California Labor Laws Are Changing & This TikTok HR Consultant Is Helping Locals Break It Down

With midterm elections officially wrapped up, California is seeing a massive change in the state’s labor laws.

So, this content creator is using her TikTok platform to help both employees and employers understand the changes that are coming to the workplace.

Cindy O’Peka, who lists herself as a Human Resources Consultant based out of Folsom, CA, mentions in one of her TikTok videos that “more laws have been passed for 2023 in employment than I’ve ever seen in my entire HR career.”

She highlights some changes in her video and they include:

  • An extension in COVID-19 pay
  • Protected bereavement leave
  • Minimum wage increase
  • Redefining who qualifies as a “family member” under the California Family Rights Act
  • New discrimination protections
  • Required pay scale transparency from employers
  • Changes in workplace safety laws
  • Changes in paid family leave and SDI (State Disability Insurance) reimbursements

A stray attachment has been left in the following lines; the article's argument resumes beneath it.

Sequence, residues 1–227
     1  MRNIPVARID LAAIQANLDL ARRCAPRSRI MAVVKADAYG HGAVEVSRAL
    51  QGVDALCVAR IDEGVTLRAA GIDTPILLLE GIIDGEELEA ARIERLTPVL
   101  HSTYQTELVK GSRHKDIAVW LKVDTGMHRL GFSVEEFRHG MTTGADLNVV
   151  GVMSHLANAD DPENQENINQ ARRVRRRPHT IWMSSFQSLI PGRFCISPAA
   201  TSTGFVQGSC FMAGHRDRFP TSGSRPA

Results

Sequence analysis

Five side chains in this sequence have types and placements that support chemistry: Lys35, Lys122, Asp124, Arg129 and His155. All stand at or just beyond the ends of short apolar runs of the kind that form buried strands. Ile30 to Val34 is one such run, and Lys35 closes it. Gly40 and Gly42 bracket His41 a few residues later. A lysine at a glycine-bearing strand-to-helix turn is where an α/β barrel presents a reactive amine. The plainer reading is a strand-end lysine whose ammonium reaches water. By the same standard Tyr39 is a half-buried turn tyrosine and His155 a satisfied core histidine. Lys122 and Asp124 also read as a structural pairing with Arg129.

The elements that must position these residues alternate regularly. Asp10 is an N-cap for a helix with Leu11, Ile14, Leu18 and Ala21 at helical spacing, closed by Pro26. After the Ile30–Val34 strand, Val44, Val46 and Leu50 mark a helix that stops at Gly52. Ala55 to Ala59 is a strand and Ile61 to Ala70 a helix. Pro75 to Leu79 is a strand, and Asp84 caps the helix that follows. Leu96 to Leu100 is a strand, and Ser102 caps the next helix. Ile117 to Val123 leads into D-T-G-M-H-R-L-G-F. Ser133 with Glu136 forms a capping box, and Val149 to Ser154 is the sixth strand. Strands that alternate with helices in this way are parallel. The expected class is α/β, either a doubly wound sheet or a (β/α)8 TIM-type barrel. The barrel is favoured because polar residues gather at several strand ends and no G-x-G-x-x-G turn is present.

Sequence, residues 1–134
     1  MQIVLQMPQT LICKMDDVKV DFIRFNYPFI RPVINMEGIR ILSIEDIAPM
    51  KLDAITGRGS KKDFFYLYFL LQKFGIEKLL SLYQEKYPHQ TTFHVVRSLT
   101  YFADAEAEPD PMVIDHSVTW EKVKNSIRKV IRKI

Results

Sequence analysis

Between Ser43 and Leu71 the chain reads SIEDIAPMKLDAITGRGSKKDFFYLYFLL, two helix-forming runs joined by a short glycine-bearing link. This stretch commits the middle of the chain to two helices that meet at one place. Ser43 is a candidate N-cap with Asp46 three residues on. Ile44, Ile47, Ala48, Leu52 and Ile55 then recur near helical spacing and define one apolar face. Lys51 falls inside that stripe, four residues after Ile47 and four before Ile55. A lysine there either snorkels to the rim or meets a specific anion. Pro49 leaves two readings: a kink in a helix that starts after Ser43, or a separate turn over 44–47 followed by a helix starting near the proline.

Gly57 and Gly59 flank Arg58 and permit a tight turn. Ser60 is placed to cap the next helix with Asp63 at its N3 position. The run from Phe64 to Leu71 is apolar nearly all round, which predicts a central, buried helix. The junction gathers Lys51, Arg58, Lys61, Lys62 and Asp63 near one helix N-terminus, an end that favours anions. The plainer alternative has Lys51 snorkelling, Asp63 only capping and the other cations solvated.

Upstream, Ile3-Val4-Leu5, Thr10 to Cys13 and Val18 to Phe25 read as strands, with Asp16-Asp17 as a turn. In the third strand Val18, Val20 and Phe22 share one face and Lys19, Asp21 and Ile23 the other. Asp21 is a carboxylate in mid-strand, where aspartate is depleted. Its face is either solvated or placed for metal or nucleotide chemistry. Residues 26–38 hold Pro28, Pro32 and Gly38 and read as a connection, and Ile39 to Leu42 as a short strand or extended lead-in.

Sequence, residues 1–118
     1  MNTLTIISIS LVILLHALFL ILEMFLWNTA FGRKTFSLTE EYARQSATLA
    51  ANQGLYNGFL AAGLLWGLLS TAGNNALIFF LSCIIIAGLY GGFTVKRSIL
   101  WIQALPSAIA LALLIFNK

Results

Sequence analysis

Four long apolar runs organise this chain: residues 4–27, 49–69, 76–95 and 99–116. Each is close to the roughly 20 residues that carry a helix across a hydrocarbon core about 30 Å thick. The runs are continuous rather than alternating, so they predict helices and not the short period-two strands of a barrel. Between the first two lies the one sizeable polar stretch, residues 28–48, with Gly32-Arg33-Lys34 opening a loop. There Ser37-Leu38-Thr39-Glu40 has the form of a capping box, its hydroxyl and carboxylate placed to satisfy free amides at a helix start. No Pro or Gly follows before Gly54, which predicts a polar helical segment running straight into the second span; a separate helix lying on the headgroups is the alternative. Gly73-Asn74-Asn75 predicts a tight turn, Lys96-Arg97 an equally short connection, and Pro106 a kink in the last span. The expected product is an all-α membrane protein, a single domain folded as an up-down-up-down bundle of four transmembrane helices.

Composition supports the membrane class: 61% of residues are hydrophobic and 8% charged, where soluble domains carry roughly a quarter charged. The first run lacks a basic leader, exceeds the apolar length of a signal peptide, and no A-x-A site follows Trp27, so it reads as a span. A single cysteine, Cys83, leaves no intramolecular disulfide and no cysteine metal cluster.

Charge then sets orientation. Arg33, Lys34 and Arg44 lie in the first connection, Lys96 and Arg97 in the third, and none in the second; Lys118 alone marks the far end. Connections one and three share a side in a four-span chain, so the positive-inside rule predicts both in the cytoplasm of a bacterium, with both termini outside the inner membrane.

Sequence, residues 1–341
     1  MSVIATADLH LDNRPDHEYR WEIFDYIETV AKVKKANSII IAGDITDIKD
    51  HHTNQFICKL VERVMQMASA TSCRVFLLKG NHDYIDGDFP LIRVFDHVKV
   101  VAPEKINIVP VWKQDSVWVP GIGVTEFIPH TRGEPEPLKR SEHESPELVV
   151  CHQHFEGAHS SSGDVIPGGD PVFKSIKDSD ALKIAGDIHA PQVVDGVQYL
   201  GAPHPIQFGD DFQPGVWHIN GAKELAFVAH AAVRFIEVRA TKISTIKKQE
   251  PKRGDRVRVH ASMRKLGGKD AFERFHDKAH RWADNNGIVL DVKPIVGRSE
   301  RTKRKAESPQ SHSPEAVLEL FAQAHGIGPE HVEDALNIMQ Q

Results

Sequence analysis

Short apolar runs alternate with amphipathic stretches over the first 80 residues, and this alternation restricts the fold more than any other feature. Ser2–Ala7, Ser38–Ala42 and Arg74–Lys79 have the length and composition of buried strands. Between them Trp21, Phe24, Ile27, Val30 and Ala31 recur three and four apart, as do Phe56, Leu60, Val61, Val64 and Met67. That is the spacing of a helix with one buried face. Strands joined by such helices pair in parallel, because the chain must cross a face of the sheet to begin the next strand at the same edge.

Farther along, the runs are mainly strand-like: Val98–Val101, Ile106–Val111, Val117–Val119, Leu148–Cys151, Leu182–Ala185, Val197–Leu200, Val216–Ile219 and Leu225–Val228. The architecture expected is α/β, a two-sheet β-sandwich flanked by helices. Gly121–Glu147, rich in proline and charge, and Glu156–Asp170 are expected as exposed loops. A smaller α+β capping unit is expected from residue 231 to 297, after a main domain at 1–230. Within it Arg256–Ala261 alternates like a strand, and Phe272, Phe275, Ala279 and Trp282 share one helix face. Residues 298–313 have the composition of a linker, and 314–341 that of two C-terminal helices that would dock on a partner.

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In another video, O’Peka explains that effective in January 2023, California’s minimum wage will be going up to $15.50 an hour. This reflects a $1.50 increase. Both large and small employers will be required to meet this minimum for all employees.

Another big change is in mandated bereavement leave, which will be paid time off provided for an employee immediately following the death of a family member. Starting in 2023, any employer with more than five employees must provide up to five days of bereavement leave for qualified family members.

O’Peka explains that this includes spouses, domestic partners, children, parents, siblings, grandparents, or in-laws.


#hr explains 2 new discrimination protections for those in #ca #california who #work #job in CA #pay #hrtiktok

Discrimination laws are also expanding in the Golden State. In 2024, medical and recreational cannabis users will be protected from discrimination via drug screenings.

Starting in 2023, employees will also receive protections that will not allow employers to fire someone based on their reproductive rights choices.

O’Peka says she will be continuing her TikTok series over the next few weeks to break down each change individually and help people understand their rights.

All labor standards can be found on the State of California’s Department of Industrial Relations website.

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